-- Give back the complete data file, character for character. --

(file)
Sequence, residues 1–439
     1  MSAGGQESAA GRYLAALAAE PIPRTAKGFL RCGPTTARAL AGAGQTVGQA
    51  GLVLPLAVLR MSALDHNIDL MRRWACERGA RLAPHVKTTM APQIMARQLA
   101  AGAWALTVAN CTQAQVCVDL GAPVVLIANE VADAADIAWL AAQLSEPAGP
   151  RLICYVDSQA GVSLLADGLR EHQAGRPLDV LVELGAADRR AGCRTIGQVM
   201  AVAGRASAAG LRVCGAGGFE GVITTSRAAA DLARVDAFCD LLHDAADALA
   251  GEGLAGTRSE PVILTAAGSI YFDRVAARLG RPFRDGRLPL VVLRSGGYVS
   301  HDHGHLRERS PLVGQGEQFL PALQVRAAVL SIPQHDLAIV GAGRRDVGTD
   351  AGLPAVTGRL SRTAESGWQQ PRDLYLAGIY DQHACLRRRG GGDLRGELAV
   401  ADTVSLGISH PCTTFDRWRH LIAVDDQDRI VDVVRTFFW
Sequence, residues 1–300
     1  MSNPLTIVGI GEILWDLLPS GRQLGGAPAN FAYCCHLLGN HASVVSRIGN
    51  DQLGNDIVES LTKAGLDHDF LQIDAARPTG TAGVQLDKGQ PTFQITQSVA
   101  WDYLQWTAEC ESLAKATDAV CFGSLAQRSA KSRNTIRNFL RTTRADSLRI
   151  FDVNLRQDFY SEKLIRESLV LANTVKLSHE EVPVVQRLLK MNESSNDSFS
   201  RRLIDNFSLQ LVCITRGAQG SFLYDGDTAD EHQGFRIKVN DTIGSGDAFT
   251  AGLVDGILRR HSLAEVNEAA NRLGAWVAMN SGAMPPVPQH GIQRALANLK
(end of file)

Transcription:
Sequence, residues 1–439
     1  MSAGGQESAA GRYLAALAAE PIPRTAKGFL RCGPTTARAL AGAGQTVGQA
    51  GLVLPLAVLR MSALDHNIDL MRRWACERGA RLAPHVKTTM APQIMARQLA
   101  AGAWALTVAN CTQAQVCVDL GAPVVLIANE VADAADIAWL AAQLSEPAGP
   151  RLICYVDSQA GVSLLADGLR EHQAGRPLDV LVELGAADRR AGCRTIGQVM
   201  AVAGRASAAG LRVCGAGGFE GVITTSRAAA DLARVDAFCD LLHDAADALA
   251  GEGLAGTRSE PVILTAAGSI YFDRVAARLG RPFRDGRLPL VVLRSGGYVS
   301  HDHGHLRERS PLVGQGEQFL PALQVRAAVL SIPQHDLAIV GAGRRDVGTD
   351  AGLPAVTGRL SRTAESGWQQ PRDLYLAGIY DQHACLRRRG GGDLRGELAV
   401  ADTVSLGISH PCTTFDRWRH LIAVDDQDRI VDVVRTFFW
Sequence, residues 1–300
     1  MSNPLTIVGI GEILWDLLPS GRQLGGAPAN FAYCCHLLGN HASVVSRIGN
    51  DQLGNDIVES LTKAGLDHDF LQIDAARPTG TAGVQLDKGQ PTFQITQSVA
   101  WDYLQWTAEC ESLAKATDAV CFGSLAQRSA KSRNTIRNFL RTTRADSLRI
   151  FDVNLRQDFY SEKLIRESLV LANTVKLSHE EVPVVQRLLK MNESSNDSFS
   201  RRLIDNFSLQ LVCITRGAQG SFLYDGDTAD EHQGFRIKVN DTIGSGDAFT
   251  AGLVDGILRR HSLAEVNEAA NRLGAWVAMN SGAMPPVPQH GIQRALANLK